Jack's Gate Quilt Pattern featuring Andover Fabrics

The Jack's Gate modern quilt pattern was inspired by the gates which guard each house in my neighborhood. It uses fat eighths and yardage of two colors to create an unexpected and unique design. The flowers in this quilt are what really bring the quilt to life.

I love a quilt pattern that uses precuts. While Jack's gate isn't all precuts it is a great pattern to use up those bundles of fat eighths. It is also a great pattern to use scraps for the flower pieces.

This version of Jack's Gate is a throw size. I love making throw size quilts. They are not too big, so you can still quilt it yourself with ease. They are not too small, so you can cuddle up with it later.

You can buy a copy of Jack's Gate here.

Inspiration Behind the Pattern

Jack's Gate is my new pattern which is available in my shop. I love this modern pattern! It's a bit adventurous for me as a designer.

This pattern was inspired by the gates in my neighborhood which are set between cement walls. They surround our flats and villas. These walls and gates work as a barrier and protection.

Each gate is different and frequently provide hints about the owners of the house. In our neighborhood you can frequently find flowering trees or plants close by the gates.

These details provided inspiration for Jack's Gate. I named it after my son because he was constantly pestering me to finish the pattern. I put it to the side several times and thought about getting rid of it all together at one point.

About the Pattern

Jack's Gate is a modern pattern which uses a couple different standard quilting blocks. This pattern incorporates half square triangles and flying geese, so it is a great quilt for skill development.

The blocks are set on point which means they are turned to a 45 degree angle. This made the creating process hard for me. My brain had a hard time turning everything at an angle and figuring out how it would all go together.

I wanted to make sure that the gate was not symmetrical. Things in the world rarely are. The gate mimics that feeling of a plant or bush growing higher on one side. Or a gate being hung, but as time has gone by the flowers have grown over parts of it so the whole gate isn't visible anymore. I have had a couple people say that I should even it out, but I love this imperfect look.

Here are some facts about the Jack's Gate quilt:

  • Uses fat eighths to create the flowers (but could easily use scraps).
  • Blocks are sewn on point.
  • Available in three sizes (crib, throw, bed).
  • Great for the intermediate quilter.
  • Half square triangles and flying geese are used to create the blocks.

As for measurements of the three quilt sizes: 

  • Crib size: 41 in. x 54 in.
  • Throw size: 54 in. x 72 in.
  • Bed size 66: in. x 93 in.
As you can see the crib and throw size are generous sizes. The crib size could even be made as a small throw/lap quilt. The bed size works great for a twin size bed.

About This Quilt

I pulled from my stash to make this quilt. All fabric in this version is Andover fabrics. I used a fat quarter bundle of Allison Glass prints I had. The fabrics may look like solids, but there is a subtle print to them every so often.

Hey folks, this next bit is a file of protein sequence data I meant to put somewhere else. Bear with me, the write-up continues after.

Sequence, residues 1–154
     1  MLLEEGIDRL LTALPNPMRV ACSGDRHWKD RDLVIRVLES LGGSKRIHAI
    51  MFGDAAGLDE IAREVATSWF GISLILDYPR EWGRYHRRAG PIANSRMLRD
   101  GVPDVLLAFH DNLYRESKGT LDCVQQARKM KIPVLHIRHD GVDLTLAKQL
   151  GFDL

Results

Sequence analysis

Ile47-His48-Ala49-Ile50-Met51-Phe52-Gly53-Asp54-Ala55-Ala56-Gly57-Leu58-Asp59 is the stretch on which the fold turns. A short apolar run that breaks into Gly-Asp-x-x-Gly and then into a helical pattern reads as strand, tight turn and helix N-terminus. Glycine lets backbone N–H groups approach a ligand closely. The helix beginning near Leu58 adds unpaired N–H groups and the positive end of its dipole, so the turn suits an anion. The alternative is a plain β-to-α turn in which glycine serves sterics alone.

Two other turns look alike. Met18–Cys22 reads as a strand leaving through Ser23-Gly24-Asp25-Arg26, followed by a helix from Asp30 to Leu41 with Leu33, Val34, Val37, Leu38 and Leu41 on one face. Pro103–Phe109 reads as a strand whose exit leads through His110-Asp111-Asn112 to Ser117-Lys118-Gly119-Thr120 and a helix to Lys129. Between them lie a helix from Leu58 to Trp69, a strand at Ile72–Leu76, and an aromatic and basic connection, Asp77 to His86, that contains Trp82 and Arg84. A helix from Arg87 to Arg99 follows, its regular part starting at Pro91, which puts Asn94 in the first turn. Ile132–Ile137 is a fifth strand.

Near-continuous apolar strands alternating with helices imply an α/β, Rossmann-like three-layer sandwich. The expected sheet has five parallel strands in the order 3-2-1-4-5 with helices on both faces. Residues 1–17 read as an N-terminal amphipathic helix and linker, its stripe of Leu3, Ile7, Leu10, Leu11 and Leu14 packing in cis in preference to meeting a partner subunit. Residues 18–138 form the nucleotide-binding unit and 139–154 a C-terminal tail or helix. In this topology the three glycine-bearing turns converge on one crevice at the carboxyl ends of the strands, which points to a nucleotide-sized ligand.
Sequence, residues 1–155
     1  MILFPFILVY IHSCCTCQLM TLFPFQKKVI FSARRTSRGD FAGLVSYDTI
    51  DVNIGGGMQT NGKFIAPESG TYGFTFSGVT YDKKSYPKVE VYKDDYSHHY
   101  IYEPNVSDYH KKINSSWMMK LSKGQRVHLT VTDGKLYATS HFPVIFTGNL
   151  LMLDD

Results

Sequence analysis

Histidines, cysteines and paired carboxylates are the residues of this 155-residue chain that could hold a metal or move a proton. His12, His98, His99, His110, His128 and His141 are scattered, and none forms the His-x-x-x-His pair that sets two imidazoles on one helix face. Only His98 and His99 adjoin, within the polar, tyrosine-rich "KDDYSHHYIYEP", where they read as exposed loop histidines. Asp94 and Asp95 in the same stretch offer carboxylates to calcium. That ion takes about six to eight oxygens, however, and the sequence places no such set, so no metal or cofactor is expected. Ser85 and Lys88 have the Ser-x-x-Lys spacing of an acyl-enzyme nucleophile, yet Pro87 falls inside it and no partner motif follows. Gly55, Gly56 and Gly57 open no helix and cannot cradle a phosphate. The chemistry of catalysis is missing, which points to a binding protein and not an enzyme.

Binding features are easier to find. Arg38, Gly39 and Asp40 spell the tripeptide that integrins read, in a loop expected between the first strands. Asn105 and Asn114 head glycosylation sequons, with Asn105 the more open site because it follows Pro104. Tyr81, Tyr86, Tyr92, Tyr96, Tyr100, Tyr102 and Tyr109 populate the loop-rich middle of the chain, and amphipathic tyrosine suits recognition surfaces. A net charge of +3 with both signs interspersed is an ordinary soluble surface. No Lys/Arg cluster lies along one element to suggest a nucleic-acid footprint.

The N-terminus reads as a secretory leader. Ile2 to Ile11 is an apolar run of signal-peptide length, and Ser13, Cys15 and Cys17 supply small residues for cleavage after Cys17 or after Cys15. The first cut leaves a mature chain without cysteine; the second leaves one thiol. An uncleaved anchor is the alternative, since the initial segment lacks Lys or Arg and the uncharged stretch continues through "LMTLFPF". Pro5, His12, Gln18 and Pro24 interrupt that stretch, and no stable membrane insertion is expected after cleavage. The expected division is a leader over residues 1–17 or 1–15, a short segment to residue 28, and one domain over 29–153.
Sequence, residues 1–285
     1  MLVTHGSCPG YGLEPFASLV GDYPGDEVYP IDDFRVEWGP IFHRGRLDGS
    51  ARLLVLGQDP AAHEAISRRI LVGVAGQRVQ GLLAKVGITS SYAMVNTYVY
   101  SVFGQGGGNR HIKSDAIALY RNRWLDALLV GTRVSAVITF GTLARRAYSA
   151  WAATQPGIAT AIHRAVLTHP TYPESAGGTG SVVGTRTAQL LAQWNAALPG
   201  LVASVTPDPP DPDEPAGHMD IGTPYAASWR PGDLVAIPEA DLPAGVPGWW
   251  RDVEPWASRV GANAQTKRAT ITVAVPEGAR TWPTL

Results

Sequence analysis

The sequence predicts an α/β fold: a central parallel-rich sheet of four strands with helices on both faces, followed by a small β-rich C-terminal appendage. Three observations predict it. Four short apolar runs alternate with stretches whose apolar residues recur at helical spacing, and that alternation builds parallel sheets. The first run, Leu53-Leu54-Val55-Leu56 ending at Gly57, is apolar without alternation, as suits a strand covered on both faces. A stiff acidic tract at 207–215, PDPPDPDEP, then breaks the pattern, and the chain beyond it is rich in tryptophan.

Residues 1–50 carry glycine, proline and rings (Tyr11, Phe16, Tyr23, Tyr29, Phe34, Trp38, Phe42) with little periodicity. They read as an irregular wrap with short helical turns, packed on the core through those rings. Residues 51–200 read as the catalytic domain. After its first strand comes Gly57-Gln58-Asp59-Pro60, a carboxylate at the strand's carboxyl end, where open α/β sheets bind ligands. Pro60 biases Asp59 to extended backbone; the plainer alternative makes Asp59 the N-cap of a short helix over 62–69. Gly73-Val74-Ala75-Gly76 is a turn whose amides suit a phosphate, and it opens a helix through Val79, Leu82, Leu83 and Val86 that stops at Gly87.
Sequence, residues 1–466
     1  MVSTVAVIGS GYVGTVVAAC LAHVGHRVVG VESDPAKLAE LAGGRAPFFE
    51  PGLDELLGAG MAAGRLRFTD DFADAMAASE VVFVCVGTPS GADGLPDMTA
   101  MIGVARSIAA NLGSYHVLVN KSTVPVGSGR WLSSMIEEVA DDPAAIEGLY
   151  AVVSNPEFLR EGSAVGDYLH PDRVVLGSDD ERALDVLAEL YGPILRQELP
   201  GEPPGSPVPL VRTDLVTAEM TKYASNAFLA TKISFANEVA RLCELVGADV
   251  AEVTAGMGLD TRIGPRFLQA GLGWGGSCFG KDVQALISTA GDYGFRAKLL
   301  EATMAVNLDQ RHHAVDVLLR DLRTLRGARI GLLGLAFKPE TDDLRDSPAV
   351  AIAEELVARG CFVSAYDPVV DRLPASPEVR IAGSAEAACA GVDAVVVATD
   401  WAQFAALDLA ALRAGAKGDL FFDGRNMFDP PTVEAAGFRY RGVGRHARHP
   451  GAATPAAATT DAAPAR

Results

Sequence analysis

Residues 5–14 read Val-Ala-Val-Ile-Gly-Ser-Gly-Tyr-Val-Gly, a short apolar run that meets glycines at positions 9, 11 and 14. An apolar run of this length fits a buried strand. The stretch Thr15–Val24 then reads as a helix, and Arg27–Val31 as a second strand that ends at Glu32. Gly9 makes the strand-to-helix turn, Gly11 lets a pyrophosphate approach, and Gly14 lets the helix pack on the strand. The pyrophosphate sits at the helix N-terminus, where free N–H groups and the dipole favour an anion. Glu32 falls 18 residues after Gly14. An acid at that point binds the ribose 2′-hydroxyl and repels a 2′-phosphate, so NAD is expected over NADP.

I frequently buy fat quarter bundles of solids curated by someone else. These are great to drop in my stash for later use. Since I struggle with choosing colors this was super easy for me to grab the bundle, choose the fabrics I wanted (I pulled about 5 out from the bundle) and then get cutting.

This pattern only uses fat eighths, so I was able to put aside half of each fat quarter for later use. 

Up till now the other Jack's Gate quilts I had made used a blue or gray fabric for the gate. For this version I wanted the fabric to have a subtle design and a different color. In the picture below you can see the flower colors on the left and the gate fabric on the right. I happened to have just enough of the fabric for the gate.

I absolutely love the vibrancy of all these colors together and how they pop with the white background fabric.

You can see the gate fabric on the right and the flower fabric on the left.

I loved working with these colors and mixing them to make the half square triangles. I even had a little helper as you can see below.

half square triangles

This quilt top is so fun to see come together. As I said, it is sewn together at a 45 degree angle. Once you see the rows start attaching and see how the flower colors play off each other the fun really starts.

 I quilted this myself. I would have sent it out, but I don't have that option where I live. I used the squiggly lines on my sewing machine. I started by quilting every 2 inches. Then, I went back and sewed in between to make the lines 1 inch apart.


To back the quilt I used 1 yard cuts I had bought a could years ago of Andover Fabrics. I did some quilt math so figure out the backing and how to configure the yard cuts most efficiently. Then, I pressed the seams open to reduce any bulk from having extra seams on the back. 

The colors on the backing go well with the front of the quilt! I was so happy about this. I hate spending money on backing, but I also like my backing to match the front of the quilt.

Read more ideas on how to save money on backing here.

I used some of the extra parts of the fat quarters to sew the binding. I love a scrappy binding for two reasons. 1. It's colorful. 2. It's cheap! I don't have to buy more fabric.

I really love this scrappy binding because of the bright colors. It completed the quilt perfectly.

Jack's Gate is fun modern quilt pattern great for the intermediate quilter. It's great for scraps and those fat eighths. Grab a copy in my shop!


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